As Anne-Claire Schumacher, chief curator of the Ariana Museum, explains “ It is true that back in the 19th century the museum attracted a certain educated elite, however today our exhibitions are quite varied, dynamic and interactive. We have many families, teenagers and young adults visiting – as well as many tourists. We also organize very popular workshops for different audiences ranging from two to four year-old toddlers to residents of old age homes.”
But how do bricks and walls tie in with ceramics? As Anne-Claire Schumacher points out “the brick is in fact an integral part of ceramic techniques such as creamware, stoneware and porcelain. Ceramics is also a medium which uses the four elements: earth, fire, water and air. People usually associate ceramics with tableware, but it also includes sculpture and architecture”.
Ironically, in Switzerland today, bricks, which are an ecological building solution, are hardly used and students studying architecture are taught about concrete, wood and glass, but rarely about bricks.
The exhibition is a first for the museum – the first time they are touching the field of architecture and extending out into their grounds.
Inside the museum the exhibition shows the evolution of the brick from its origins (8000 – 7000BC) to the present day and reveals different techniques, uses and adaptations of bricks in various countries including China, India, Korea and Denmark. Jacques Kaufmann also experimented with transforming bricks into sculptures or installations. A key feature is “Floating Bricks”: 2500 small bricks suspended on flexible rods give the impression of a wheat field and show the brick as light and fluid rather than solid and rigid.
But from an architectural standpoint, the exhibition's five outdoor installations are the highlight. When approaching the museum you are first struck by two delicate brick panels outlining a bowl. Depending on the time of day and the light, these appear almost transparent, allowing the majestic museum building to stand out in the background. Once you actually approach the building you are, however, confronted with a more disturbing installation which seems to extend into the museum through a ground floor window. As several visitors commented, “it looks almost like a construction site and surely can't be part of the exhibition!”.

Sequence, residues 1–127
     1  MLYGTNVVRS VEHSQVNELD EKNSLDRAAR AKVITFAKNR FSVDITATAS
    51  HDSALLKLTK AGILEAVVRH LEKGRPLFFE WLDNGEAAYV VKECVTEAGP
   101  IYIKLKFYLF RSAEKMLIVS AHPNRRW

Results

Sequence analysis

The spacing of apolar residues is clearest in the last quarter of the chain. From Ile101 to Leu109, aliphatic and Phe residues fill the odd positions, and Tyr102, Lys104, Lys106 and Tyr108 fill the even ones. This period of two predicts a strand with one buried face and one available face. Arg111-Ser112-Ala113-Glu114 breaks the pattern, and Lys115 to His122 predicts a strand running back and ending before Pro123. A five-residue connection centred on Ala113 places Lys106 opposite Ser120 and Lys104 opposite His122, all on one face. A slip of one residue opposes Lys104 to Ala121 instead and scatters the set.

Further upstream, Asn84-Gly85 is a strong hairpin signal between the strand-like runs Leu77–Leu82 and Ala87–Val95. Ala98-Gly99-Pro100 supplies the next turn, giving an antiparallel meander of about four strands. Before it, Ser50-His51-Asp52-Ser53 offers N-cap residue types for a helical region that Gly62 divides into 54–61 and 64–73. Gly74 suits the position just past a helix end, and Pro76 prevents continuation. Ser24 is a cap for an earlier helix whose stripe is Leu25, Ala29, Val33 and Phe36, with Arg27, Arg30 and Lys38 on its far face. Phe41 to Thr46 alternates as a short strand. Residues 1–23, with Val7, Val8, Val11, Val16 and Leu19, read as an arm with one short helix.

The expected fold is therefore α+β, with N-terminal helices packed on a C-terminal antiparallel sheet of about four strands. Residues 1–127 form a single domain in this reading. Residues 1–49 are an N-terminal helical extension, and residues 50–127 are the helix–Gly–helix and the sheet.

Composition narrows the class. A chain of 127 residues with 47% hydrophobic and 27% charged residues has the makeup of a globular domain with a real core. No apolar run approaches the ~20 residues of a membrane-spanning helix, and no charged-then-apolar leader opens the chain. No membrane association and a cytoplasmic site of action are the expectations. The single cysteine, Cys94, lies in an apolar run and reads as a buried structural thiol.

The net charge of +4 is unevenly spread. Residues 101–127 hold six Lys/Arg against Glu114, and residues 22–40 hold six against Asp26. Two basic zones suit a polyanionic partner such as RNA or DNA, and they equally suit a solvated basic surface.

In the garden a very different installation and one which, by popular public demand, will remain as an integral part of the grounds, is the “Flight of the Fly”, a serpentine-like low brick wall which resembles a pencil line through the landscape and blends in perfectly.
The unusual mud fired large terracotta hut built with the help of students studying ceramics took over three days to fire. As for the last installation, “Bringing Down the Wall”, it is in fact a simple whitewashed brick wall on which visitors may express themselves with graffiti. On November 9, 2019, 30 years after the fall of the Berlin wall, the public is invited to watch it symbolically be brought down, The separate bricks will then be sold to raise funds for the local charity ARFEC (Association romande des familles d'enfants atteints d'un cancer).
A local institution with global appeal
The Ariana Museum has come a long way since its founder Gustave Revillod built it to display his vast collection. This grand 19th century building with neo-renaissance and neo-baroque elements has painted ceilings by the Genevan artist Frédéric Dufaux, sculptures by the Italian sculptor Luigi Guglielmi, Solomonic marble columns and impressive stained glass. Since its opening in 1884 it has become a landmark and is recognized as one of the principle ceramics and glass museums in Europe, with its vast collection dating from the 9th to the 21st century.
“Mur/Murs” fits in perfectly in the context of this museum. Walls are part of our daily lives and are constructed for different purposes - whether to unite or isolate, to welcome or give shelter or, on the contrary, to alienate or divide. Surrounded by international organizations, the walls of the Ariana Museum have always brought people together and Jacques Kaufmann has, through his exhibition, wanted to emphasize this fundamental role.
On a dedicated space to that purpose, visitors to the exhibition stick post-its with their own definition of the wall. One of these reads “A wall is a song”...